Atopy in Asthma and COPD

IgE-mediated sensitivity of inhaled allergens is strongly associated with asthma (9), but this is not true for all asthma cases (8). Allergic asthma is the most common asthma phenotype, which is defined by the presence of allergic sensitization (25), or by a correlation between allergen exposure and asthmatic symptoms (26) but may overlap with other phenotypes (27). Patients with allergic asthma are more likely to report seasonal variations of their symptoms (25). Although it might present at any age, patients with allergic asthma are usually younger than those with non-allergic asthma (25, 26, 28, 29). In school-age children, aeroallergen sensitization is more frequent in children with severe asthma, rather than in children with mild-to-moderate asthma (30). In adults, allergic asthma has been associated with a greater FEV1 reversibility, a higher sputum eosinophil count, higher FENO levels and more exacerbations in the past year (31). Moreover, exercise-induced bronchospasm is more frequent and severe in allergic rather than in non-allergic asthma (32). Conversely, some studies suggest that allergic asthma is less severe than non-allergic (25, 26, 3337), or cast doubt on the association between asthma severity and atopic status (3841). Indeed, the different phenotypes of asthma are an important determinant in that matter, as the role of allergy differs in early onset asthma when compared to late onset asthma (42, 43). Accordingly, young asthmatics mostly present with allergic asthma, while late onset asthma is usually severe, steroid resistant and not related to allergy (4244). Total serum IgE, peripheral eosinophilia levels, as well as Th2-type responses are usually higher in allergic vs. non-allergic asthma (27, 32, 45).

In a study of Bafadhel et al., atopy was defined as a positive skin prick test and/or elevated allergen specific IgEs and it showed a prevalence of 34% among COPD patients (46). Jin et al. showed that even among 273 COPD patients without obvious atopy, the prevalence of elevated total IgE was 47.3% (47). A meta-analysis by Putcha et al. indicated that 35% of the COPD patients (N = 403) from the SPIROMICS cohort and 36% of the COPD patients (N = 696) from the COPDGene cohort presented with atopy, defined as positive sensitization to any of the 10 indoor and outdoor allergens measured in the study (48). There was an almost 50% overlap between atopic status with COPD with asthmatic characteristics (defined as self-report of doctor diagnosed asthma in patients with COPD) in both cohorts (48). Moreover, COPD individuals with non-atopic asthmatic characteristics had the most impaired symptom scores (SGRQ = 4.2, 95% CI: 0.4–7.9; CAT score = 2.8, 95% CI: 0.089–5.4) and highest risk of exacerbations (incidence rate ratio = 1.41, 95% CI: 1.05–1.88), compared to the group without atopy or asthma, while COPD individuals with atopy and atopic asthma were not at increased risk of adverse outcomes (48).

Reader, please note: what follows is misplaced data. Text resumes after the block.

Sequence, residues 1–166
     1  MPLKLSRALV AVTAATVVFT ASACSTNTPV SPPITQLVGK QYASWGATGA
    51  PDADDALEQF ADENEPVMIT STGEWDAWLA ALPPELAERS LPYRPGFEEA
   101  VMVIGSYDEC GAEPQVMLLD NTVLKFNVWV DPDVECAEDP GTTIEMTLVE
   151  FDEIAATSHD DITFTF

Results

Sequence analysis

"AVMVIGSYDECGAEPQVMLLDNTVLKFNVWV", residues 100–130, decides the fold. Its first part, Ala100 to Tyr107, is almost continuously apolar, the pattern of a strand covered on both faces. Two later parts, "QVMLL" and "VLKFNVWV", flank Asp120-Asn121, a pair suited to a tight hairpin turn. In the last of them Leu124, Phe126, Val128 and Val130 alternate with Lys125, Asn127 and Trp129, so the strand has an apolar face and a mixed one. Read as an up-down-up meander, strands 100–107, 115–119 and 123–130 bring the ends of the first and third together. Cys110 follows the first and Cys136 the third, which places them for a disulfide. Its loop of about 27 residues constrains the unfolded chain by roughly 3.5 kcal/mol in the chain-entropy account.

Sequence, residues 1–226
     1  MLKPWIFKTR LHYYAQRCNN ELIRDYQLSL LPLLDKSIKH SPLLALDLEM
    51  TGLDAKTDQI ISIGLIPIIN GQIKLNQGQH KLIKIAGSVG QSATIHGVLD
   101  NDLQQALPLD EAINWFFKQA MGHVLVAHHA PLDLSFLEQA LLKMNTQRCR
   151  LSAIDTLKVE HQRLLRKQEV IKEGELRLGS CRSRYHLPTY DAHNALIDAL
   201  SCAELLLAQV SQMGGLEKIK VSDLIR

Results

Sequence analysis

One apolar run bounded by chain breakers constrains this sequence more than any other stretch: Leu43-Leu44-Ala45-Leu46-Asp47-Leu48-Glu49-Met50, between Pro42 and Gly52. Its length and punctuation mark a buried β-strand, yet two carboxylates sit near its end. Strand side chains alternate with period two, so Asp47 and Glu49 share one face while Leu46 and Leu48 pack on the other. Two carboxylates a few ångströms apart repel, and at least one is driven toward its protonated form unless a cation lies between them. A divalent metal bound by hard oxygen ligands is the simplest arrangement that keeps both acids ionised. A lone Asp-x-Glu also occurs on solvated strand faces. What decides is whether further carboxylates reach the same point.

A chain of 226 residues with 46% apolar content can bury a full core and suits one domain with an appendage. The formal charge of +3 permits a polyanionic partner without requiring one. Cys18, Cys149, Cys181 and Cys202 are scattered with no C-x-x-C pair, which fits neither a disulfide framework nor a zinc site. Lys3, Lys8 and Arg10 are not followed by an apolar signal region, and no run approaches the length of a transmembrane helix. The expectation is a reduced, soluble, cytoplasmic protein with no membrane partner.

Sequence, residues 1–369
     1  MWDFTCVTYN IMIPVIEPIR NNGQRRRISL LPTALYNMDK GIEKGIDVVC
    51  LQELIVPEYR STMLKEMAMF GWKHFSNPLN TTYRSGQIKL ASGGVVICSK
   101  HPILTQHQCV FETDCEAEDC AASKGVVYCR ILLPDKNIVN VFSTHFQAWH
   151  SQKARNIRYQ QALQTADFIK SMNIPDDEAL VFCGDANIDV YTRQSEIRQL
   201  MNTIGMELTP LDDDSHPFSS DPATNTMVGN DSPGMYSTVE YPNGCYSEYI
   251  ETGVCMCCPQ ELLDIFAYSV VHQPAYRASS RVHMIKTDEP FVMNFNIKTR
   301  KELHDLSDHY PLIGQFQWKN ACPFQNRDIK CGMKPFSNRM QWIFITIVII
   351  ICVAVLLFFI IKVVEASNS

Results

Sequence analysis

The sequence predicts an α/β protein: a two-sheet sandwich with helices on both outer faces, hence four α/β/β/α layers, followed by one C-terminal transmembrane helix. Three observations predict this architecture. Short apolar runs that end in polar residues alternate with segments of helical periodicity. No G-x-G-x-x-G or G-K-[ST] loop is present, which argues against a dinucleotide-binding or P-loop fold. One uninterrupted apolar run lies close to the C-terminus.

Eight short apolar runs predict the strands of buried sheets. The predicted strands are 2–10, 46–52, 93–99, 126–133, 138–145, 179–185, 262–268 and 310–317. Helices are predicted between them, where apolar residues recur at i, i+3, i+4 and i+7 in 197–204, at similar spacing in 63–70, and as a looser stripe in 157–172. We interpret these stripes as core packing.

A recent study in an Asian cohort recruited across three countries demonstrated that specific IgEs produced against a broad range of allergens (pollens, house dust mite, cockroach, and fungi) were increased in COPD (n = 466) when compared to controls (n = 51) (49). House dust mite (B. tropicalis, D. pteronyssinus, D. farinae) and grass pollens (pooids and panicoids) presented the highest specific IgE-binding intensities in COPD (49). A significant number of COPD patients demonstrated sensitization to fungi (n = 249, 55.8%) and house dust mites (n = 229, 51.3%) (49). Frequent exacerbators showed significantly increased specific IgE-binding to crude fungal allergens (Curvularia, Penicillium, A. fumigatus) and the cockroach allergen Bl. germanica, but no significant specific IgE-binding to pollens, house dust mites or the cockroach allergen Pr. americana (49). On the other hand, no association between sensitization status and the COPD GOLD stage (lung function) or GOLD group (ABCD) was detected, but a highly sensitized, fungal predominant subgroup of COPD patients demonstrated the worse clinical outcome, with greatest symptoms (median CAT score = 16, IQR = 10–22, P < 0.01), poorest lung function (FEV1 = 41.1% predicted, IQR = 32.5–57.0%, p < 0.01) and increased exacerbation rate (IRR 2.01, 95%CI = 1.44–2.81, p < 0.001) (49). Additionally, there was a significantly increased systemic IgE response to a number of outdoor air fungi (Schizophyllum, p < 0.01; Aspergillus, p < 0.001; Penicillium, p < 0.001; Byssochlamys, p < 0.001; and Cladosporium, p < 0.01) in COPD patients when compared to controls and an increased number of exacerbations was detected in the COPD patients that were sensitized against air-fungi (IRR = 2.29, 95%CI = 1.12–4.68, p < 0.01) (49). The study indicated that the abundance of indoor air and surface allergens positively correlates with COPD symptoms (r = 0.75, p < 0.01) and negatively with lung function (r = −0.61, p < 0.01), suggesting that indoor air and surfaces represent a potential source of fungal allergen exposure (49). However, blood eosinophil counts were not different among the high, moderate and low-sensitized patients (49). Notably, in this study patients were enrolled from Singapore, Hong Kong, and Malaysia (49). All these countries are located in South Asia where the temperature and humidity differ dramatically from other Asian and Western countries. It is important to note here that the prevalence and role of fungal sensitization in tropical climate countries may not be the same in temperate climate ones and further studies elucidating this difference should be conducted.